A reconstituted, and possibly heavily devalued, lira?

What happens to the pension funds? What about capital flight? Runs on the banks?

The point is that Italy does have leverage, but deploying the leverage will be costly for all concerned.

Considering the political turbulence in Italy which wants to raise its budget deficit by 2.4% in 2019, ( Its current debt is more than 2billion euros 131% of its GDP.)

Driving Italy out of the euro makes no sense at all. Italy is facing not just a financial but a democratic reckoning.

The euro debacle has tested the democratic integrity of the weakest eurozone member states to a breaking point. In Ireland, Spain and Portugal – the other countries affected by the single currency’s woes – democracy not only survived the test but flourished after it.

In 2019 we are going to see Italy’s political class discredited, its economy exposed as a sham, and it can only be rescued with other people’s money on other people’s terms.

It has now brought Italy to the brink of another failure of state as dangerous as the one that occurred during the confrontation with the Mafia in the early 1990s.

One of the major challenges for members of the euro area has always been not simply to rectify external imbalances, but to do so at reasonably high levels of employment. The fact that failures to meet this challenge are encountering political difficulties in Italy and elsewhere is hardly surprising.

So to stabilize the euro area and foster the financial integration across countries, we need to end the vicious circle of youth unemployment in the Southern countries of Europe and not penalise breached of budgetary Rules.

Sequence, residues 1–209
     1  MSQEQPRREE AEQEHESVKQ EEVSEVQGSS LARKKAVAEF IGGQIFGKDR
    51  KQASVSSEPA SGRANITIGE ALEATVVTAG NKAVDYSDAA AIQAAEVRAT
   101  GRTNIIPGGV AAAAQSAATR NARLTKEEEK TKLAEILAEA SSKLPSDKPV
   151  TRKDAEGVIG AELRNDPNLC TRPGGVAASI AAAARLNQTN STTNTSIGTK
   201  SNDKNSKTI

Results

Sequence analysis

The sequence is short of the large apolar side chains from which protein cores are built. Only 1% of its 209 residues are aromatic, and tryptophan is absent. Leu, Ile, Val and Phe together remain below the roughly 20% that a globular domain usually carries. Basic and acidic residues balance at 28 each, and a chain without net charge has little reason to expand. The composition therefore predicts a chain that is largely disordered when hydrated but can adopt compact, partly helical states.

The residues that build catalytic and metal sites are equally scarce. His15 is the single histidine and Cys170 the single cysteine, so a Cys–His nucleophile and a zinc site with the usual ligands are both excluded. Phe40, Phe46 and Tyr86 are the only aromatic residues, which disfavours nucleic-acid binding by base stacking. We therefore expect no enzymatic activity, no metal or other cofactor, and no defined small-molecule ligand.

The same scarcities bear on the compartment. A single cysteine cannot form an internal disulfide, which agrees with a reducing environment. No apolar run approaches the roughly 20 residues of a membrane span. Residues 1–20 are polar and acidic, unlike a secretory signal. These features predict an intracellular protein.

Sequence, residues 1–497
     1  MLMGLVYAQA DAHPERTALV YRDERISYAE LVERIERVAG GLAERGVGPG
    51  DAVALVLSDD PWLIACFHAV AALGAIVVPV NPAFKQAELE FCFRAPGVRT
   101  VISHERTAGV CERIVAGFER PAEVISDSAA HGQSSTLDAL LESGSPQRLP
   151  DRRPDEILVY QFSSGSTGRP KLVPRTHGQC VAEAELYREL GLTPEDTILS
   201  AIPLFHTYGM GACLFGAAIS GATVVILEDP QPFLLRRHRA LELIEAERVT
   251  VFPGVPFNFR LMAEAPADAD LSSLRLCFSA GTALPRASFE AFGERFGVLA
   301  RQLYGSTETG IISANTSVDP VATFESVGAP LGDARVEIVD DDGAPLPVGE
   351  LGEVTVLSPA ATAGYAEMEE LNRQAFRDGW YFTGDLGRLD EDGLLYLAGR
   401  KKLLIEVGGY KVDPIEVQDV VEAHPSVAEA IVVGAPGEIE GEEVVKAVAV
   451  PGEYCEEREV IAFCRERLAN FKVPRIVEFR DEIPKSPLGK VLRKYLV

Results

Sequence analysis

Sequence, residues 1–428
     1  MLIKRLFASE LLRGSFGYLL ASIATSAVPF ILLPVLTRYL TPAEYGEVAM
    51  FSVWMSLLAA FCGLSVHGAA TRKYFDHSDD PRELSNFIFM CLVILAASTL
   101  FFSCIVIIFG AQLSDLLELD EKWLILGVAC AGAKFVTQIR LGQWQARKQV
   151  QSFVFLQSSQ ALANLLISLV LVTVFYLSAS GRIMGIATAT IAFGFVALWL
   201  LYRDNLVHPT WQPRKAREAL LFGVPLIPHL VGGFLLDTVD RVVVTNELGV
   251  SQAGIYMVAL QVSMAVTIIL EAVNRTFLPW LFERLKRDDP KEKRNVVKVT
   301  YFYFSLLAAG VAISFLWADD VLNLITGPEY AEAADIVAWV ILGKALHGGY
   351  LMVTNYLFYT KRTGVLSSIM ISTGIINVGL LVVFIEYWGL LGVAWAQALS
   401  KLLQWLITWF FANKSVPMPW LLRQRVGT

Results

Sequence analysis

The euro is neither the problem nor the solution.

Italy’s profound problems lie at home — especially in central and southern Italy — and need to be addressed at home.

Both Europes and Italy’s problems arise out of acute regional imbalance.

You can not look at Italy as one economy, but two or perhaps three: North, Centre, South which is reflected in the whole of Europe’s problem.

Take the hyper-competitiveness of Germany.

Its massive current account surplus (8% of GDP) combined with its virtually full employment implies unambiguously that for Germany the euro is significantly undervalued, just as for Italy the evidence suggests that it is overvalued.

So we have an interesting, but risky, game of chicken developing.

Even though virtually every country within the eurozone, including fiscally virtuous Germany, has routinely breached budget limits, these rules do matter because, under Maastricht Treaty terms, countries can be punished by European institutions and also by markets, as has happened to Greece and now is increasingly happening to Italy.

Its debt load is the third-largest in the world and will eventually become unsustainable if the country is unable to revive economic growth.

What can Europe do – that is not already being done – to get its millions of jobless young people into work?

Things cannot be implemented overnight and will never be unless there is a willingness to move on with euro area reforms.

On top of all our problems is the Automation of the job market.



Boosting productivity is essential to resolve both problems.

So here is a suggestion.

Why not make the two most Southern Countries of Europe where the sun does shine – Italy Spain – the new green energy hobs of Europe – implementing a huge investment into solar power to supplement the energy requirements of the Northern member states.

All human comments appreciated. All abuse and like clicks chucked in the bin.